We learned in the previous sutra that bhakthi or pure devotion is greater or superior than the other paths of intellectual knowledge, action and yoga. We also learned that the main reason for the same is because of the fruit of bhakthi being eternal while the fruits achieved through the other fruits are temporary alone. This is what Narada is giving as a logic over here.

Once again let us reiterate and analyze the various paths and the comparison of the paths with respect to the fruits achieved through each path.

The path of action is determined by the eternal law of karma (the law is eternal from the empirical view point and not from the ultimate view point). The eternal law of karma is that of action and reaction. Whatever is the particular action that determines an equivalent reaction or phala. This might seem to be the same as Newton’s third law which states “each and every action has an equivalent and opposite reaction” but we should remember that this eternal law of karma has been there since eternal times (from the vedic periods itself). It is this law of karma that determines the birth and death of an individual. If a person does good actions, he goes to higher worlds starting from mahar loka (land of manes), svarga (heaven) etc. On the other hand, if a person does bad actions, he goes to the below worlds of athala, suthala etc. This is what Katha Upanishad propounds by telling that “yathaa karma yathaa srutham” – the births depend on one’s actions and knowledge. If a person has knowledge of the ultimate reality of Lord (at least intellectually if not aparoksha), he will go to the higher worlds as the fruits of bad actions are burnt in the fire of knowledge.

The highest that a person can achieve through karma is the post of Brahma-Creator in the brahma loka. This is not that easy to attain and it is temporary as well. We find the mention of different brahmas being created and destroyed in the ultimate reality of Brahman. We also have in the hanumad ashtottara shata naamavali that hanuman will be next Brahma.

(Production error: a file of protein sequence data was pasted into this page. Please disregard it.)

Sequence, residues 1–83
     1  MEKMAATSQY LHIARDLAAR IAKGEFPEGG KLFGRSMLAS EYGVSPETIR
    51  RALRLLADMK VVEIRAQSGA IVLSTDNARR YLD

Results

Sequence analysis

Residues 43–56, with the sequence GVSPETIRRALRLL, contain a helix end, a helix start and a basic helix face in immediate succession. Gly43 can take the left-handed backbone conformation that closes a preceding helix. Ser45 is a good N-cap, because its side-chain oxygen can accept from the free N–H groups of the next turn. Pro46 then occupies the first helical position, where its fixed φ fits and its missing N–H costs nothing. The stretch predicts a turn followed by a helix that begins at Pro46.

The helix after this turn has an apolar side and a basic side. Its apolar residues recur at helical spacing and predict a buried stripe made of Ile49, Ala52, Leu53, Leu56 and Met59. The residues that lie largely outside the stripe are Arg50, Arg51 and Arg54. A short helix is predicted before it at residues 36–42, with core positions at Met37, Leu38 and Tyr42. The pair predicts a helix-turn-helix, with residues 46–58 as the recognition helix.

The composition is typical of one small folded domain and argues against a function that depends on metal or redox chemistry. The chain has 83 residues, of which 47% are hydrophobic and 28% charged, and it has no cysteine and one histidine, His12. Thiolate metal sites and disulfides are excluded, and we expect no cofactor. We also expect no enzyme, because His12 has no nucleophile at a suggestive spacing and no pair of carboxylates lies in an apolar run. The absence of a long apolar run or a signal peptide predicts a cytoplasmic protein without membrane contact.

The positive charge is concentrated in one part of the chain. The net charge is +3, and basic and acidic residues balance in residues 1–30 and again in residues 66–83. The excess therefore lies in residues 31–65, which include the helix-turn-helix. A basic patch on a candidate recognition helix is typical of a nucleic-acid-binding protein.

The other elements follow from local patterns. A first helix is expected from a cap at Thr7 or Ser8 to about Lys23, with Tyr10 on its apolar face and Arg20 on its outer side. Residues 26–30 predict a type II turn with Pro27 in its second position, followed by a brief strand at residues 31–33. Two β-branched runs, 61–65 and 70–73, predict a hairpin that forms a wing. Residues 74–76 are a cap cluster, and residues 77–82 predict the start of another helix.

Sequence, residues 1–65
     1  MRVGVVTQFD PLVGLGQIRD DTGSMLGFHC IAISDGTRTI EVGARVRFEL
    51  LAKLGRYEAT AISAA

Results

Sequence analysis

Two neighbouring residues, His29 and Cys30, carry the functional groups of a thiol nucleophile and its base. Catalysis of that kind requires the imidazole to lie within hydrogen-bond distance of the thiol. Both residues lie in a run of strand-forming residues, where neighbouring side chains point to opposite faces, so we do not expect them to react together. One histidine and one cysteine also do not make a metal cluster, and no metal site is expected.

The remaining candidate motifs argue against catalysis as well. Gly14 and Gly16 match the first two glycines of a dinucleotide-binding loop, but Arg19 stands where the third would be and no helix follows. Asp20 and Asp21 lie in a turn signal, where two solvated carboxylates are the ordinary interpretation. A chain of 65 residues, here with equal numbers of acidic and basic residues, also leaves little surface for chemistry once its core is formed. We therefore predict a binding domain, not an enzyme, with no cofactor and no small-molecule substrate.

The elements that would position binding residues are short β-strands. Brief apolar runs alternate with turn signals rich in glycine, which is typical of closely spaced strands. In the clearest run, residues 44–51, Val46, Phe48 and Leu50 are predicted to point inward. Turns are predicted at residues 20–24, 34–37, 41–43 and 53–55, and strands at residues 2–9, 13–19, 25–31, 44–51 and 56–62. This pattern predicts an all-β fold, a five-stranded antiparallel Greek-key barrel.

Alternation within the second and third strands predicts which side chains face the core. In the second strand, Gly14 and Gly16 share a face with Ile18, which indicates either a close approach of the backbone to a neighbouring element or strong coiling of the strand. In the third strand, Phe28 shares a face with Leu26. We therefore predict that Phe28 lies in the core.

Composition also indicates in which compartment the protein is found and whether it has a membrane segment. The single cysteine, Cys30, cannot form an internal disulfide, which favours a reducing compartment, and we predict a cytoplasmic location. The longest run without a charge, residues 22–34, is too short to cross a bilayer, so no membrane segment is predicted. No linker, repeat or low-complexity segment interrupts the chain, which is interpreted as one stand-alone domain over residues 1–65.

Thus the position of Brahma is also not eternal though the timeframe of Brahma is much higher than human timeframe. Since Brahma’s position is also not eternal, therefore action cannot give eternality or immortality as the highest action can give is the position of Brahma. Therefore we can conclude that action has limited and finite fruit alone.

Yogic sadhanas can lead us only to either Samadhi or yoga siddhis. Patanjali himself accepts the siddhis as temporary and obstacles to Samadhi. Samadhi of Yoga system is knowing oneself as the purusha distinct from the prakrithi and its effects of world. Thus in Samadhi as well duality persists. Duality wherever it is will create notions of fear (dviteeyaad vai bhayam bhavathi – fear arises out of the notion of duality – thus says Brihadaranyaka Upanishad). Since yoga system’s fruit of Samadhi is based on duality, therefore it cannot give eternal bliss but only gives limited and finite fruit.

As we have seen in the previous mail, jnaana here denotes intellectual knowledge and not brahma atma aikya jnaana because Narada himself had proved that brahma atma aikya jnaana and paraa bhakthi are one and the same in the previous chapter. The maximum intellectual knowledge can lead us to is intellectual satisfaction or fame or money. All these being limited by the intellect (where the knowledge is developed) has to be limited alone. Hence the fruit of jnaana as well is limited knowledge in the form of either limited happiness or limited satisfaction or money or fame.

Thus the fruits of jnaana, karma and yoga are limited and finite whereas the fruit of bhakthi is amrita or ananda (infinite and eternal bliss). Hence bhakthi is superior to jnaana, karma and yoga.

A professor is superior to an assistant professor because the fruit or output of their profession is more in the case of professor (in the form of money). Extending this to the various paths, bhakthi is superior to the other paths because of its fruit being eternal/higher than the limited fruit of the other paths.

Prostrations to all.


Let a moment not pass by without remembering God


Post a Comment

<< Home